Weekly Bot Brief on Robotic Research and Investment Review 1-5-2018
"There is no force on earth as powerful as an idea whose time has come" -Victor Hugo
Bot Index Highlights:
Trading in the initial week of 2018 proved explosive for robotic investors. The Bot Index rose a dramatic 4.72% in a market that carried the S & P 500 up 2.60%. Four of the Bot Index’s components experienced double digit returns for the week while three others neared that mark. Leading the pack was NVIDIA which shed some of its recent weakness to jump 11.32%. Fueling the rise is there are indications that the firm might make some major announcements at this week’s Consumer Electronics Show. Despite being panned by J.P Morgan, shares of Accuray Inc. rose 10.46% and the Japanese firm Fanuc jumped 10.98% as a result of a Fortune article entitled ‘The 6 Best Stocks to Buy for 2018 Before Robots Take Your Job’. Rounding out the double-digit returners was Mazor Robotics whose 10.43% increase was due, in part to a report by Zacks Equity Research listing Mazor as one of ‘4 MedTech Stocks to Explode in 2018’ and a Motley Fool analysis ‘3 Stocks That Feel Like Disney in 1957’. Other superior returners for the week included Oceaneering International up 9.51%, 3D Systems up 8.68% and Cognex who jumped 8.54%.
The Index had only two stocks that were in the red for the first week of 2018. AeroVironment fell almost 5% despite announcing a joint venture with Softbank, and Ekso Bionics that dropped 10.79% as it announced a major stock offering and has become beset by a plethora of class action lawsuits.
Bots in the News:
In a TechCrunch article posted on Christmas day, a company Zipline is using its own manufactured drones to deliver urgent medical supplies and blood to remote hospitals in Rwanda. Flying at 100 kilometers per hour, the drones drop off the supplies by parachute at a rate of 20 deliveries per hospital per week.
The Oxford Insights Team published its AI Readiness Index which placed the UK as the top country out of 35 most technologically advanced countries to be prepared for artificial intelligence’s economic impact.
The Institute for Public Policy Research predicted 44% of jobs are ultimately at risk of some form of robotics replacement. A bit of resolution wisdom, however, from one of their researchers – Carys Roberts, is highly endorsed by The Bot Brief. He suggests, “To avoid inequity rising, the government should look at ways to spread capital ownership and make sure everyone benefits from increased automation”. This ‘capitalistic’ approach makes considerably more sense to us that the ‘universal income’ hypothesis currently sponsored by certain vocal futurists.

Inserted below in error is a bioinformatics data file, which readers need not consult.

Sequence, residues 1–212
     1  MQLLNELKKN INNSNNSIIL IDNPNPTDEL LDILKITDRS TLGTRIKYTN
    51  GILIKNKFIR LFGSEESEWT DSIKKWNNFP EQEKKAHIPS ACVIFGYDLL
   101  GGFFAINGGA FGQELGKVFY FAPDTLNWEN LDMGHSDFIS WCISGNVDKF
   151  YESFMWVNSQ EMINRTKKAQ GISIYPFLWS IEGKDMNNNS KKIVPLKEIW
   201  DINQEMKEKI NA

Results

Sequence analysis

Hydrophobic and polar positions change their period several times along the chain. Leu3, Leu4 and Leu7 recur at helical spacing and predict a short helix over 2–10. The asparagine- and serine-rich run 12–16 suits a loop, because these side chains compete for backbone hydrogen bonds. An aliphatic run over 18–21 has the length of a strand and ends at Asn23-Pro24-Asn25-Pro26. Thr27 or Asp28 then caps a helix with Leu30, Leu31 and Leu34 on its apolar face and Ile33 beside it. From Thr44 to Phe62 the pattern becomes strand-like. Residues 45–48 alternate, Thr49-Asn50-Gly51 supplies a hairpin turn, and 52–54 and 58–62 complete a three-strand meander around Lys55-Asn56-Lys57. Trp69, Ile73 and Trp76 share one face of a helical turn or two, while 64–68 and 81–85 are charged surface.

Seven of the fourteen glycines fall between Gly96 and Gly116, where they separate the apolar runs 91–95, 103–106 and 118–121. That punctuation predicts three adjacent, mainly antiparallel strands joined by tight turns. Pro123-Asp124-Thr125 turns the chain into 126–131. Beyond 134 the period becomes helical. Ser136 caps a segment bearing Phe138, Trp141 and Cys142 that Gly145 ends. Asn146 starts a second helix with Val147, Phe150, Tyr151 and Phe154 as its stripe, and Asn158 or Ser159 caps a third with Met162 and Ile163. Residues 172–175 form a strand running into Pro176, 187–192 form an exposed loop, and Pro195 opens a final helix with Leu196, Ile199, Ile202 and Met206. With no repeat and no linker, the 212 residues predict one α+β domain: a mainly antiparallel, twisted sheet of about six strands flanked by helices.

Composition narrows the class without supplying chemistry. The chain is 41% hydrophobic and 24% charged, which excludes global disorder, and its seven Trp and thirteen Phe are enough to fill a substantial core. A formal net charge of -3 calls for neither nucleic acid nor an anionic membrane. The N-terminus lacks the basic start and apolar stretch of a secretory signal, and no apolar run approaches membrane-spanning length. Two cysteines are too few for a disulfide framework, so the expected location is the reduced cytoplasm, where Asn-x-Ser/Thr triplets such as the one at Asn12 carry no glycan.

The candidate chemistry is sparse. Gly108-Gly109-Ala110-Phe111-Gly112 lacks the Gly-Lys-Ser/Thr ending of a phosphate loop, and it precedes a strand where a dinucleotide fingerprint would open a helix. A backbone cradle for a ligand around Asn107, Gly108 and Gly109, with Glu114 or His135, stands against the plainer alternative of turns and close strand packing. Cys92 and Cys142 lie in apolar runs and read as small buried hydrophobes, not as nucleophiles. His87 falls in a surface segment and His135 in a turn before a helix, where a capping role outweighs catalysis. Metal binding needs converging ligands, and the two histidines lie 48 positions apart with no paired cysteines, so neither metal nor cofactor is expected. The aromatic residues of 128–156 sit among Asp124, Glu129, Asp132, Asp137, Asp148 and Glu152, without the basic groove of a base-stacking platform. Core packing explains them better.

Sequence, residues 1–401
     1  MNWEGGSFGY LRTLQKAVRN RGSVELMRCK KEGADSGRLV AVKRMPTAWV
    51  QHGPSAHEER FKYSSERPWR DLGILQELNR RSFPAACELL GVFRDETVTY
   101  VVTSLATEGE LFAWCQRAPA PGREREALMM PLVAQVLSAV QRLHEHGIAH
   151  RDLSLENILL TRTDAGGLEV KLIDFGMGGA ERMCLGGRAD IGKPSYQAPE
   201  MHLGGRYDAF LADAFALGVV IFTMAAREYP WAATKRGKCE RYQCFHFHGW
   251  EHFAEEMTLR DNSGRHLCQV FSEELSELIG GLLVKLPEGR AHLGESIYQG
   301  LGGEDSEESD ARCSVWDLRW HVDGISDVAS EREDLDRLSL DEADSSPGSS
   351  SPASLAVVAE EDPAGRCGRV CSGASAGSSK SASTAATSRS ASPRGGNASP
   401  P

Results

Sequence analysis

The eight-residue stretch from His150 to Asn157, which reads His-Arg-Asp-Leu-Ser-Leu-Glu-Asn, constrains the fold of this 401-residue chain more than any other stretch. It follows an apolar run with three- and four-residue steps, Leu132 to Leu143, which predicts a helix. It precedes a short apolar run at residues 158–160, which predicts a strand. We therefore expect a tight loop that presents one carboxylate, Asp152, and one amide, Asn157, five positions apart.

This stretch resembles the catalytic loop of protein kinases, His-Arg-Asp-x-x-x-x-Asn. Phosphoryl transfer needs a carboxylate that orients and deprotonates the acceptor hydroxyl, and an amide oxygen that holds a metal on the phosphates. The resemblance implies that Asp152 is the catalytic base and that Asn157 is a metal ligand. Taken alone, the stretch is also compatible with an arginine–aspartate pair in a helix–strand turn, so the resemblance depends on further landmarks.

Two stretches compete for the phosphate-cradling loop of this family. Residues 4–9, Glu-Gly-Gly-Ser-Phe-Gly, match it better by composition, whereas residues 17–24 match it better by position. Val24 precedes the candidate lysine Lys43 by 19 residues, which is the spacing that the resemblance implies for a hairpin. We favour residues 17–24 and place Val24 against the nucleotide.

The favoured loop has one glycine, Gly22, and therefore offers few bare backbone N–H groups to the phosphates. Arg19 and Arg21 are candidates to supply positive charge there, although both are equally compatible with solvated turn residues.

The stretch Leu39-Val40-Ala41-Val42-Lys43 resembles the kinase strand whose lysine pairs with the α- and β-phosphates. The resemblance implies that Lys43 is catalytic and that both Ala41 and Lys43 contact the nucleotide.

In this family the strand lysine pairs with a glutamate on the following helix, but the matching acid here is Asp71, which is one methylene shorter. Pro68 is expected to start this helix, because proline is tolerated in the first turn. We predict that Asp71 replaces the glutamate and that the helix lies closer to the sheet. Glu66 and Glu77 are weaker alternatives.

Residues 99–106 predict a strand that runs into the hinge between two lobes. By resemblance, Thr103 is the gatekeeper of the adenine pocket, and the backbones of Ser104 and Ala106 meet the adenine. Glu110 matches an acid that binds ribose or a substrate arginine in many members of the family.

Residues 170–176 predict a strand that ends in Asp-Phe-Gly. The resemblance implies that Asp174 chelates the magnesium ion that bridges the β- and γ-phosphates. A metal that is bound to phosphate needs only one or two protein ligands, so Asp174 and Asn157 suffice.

The Motley Fool recently published, ‘For Artificial Intelligence, The Future is Now’ on the variety of ways that AI is going to revolutionize health care (firms invested $1 billion in 2017!), data mining, warehouse control, machine learning, agriculture, manufacturing and transportation.
In The Conversation’s ‘What an Artificial Intelligence Researcher Fears About AI’, the author expressed his concerns that “regardless of the physical threats superintelligences may present, they also pose a political and economic danger. If we don’t find a way to distribute our wealth better, we will have fueled capitalism with artificial intelligence laborers serving only very few who possess all the means of production.”
Wired Magazine published an article on Dec. 29th entitled, ‘After Peak Hype, Self Driving Cars Enter the Trough of Disillusionment’. Perhaps like John Bunyan’s allegory, The Pilgrim’s Progress where protagonist Christian sinks into the ‘slough of despond’, manufactures of self driving cars are likely to sink under the weight of the many challenges of their, ‘lost condition, (where) there ariseth many fears and doubts and discouraging apprehensions’. In any regard, Wired Magazine summarized that it will be many, many years before self-driving cars are a mainstream source of personal transportation.
Member: American Economic Association, Society of Professional Journalists, United States Press Association. Chartered Financial Analysts
The Bot Brief is a weekly newsletter designed for economists, investment specialists, journalists and academicians. It receives no remuneration from any companies that may from time to time be featured and its commentaries, analysis, opinions and represent the subjective views of Balcones Investment Research, LLC. Due to the complex and rapidly changing nature of the subject matter, the company makes no assurances as to the absolute accuracy of material presented.
Balcones Investment Research can be reached at its website BalconesInvestmentResearch.com and is headquartered in Florida; with offices in Texas and North Carolina, United States